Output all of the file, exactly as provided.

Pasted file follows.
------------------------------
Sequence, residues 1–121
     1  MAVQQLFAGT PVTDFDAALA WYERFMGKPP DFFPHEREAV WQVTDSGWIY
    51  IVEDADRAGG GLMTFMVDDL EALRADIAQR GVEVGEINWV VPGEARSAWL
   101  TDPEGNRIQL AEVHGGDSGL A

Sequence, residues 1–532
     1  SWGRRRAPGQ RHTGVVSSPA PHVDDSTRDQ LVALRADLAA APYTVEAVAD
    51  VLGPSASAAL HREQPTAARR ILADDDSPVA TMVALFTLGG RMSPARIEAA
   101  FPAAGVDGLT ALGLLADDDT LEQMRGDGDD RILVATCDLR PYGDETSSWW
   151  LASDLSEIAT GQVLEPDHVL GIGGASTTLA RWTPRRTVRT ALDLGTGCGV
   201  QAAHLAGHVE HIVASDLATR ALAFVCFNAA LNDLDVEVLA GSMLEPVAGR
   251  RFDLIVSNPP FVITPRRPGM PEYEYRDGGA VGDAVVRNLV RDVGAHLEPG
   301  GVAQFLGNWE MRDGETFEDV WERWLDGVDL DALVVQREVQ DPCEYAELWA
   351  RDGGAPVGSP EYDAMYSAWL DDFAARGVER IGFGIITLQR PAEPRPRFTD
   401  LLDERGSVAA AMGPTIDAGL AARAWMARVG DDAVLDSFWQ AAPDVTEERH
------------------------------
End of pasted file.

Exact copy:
Sequence, residues 1–121
     1  MAVQQLFAGT PVTDFDAALA WYERFMGKPP DFFPHEREAV WQVTDSGWIY
    51  IVEDADRAGG GLMTFMVDDL EALRADIAQR GVEVGEINWV VPGEARSAWL
   101  TDPEGNRIQL AEVHGGDSGL A

Sequence, residues 1–532
     1  SWGRRRAPGQ RHTGVVSSPA PHVDDSTRDQ LVALRADLAA APYTVEAVAD
    51  VLGPSASAAL HREQPTAARR ILADDDSPVA TMVALFTLGG RMSPARIEAA
   101  FPAAGVDGLT ALGLLADDDT LEQMRGDGDD RILVATCDLR PYGDETSSWW
   151  LASDLSEIAT GQVLEPDHVL GIGGASTTLA RWTPRRTVRT ALDLGTGCGV
   201  QAAHLAGHVE HIVASDLATR ALAFVCFNAA LNDLDVEVLA GSMLEPVAGR
   251  RFDLIVSNPP FVITPRRPGM PEYEYRDGGA VGDAVVRNLV RDVGAHLEPG
   301  GVAQFLGNWE MRDGETFEDV WERWLDGVDL DALVVQREVQ DPCEYAELWA
   351  RDGGAPVGSP EYDAMYSAWL DDFAARGVER IGFGIITLQR PAEPRPRFTD
   401  LLDERGSVAA AMGPTIDAGL AARAWMARVG DDAVLDSFWQ AAPDVTEERH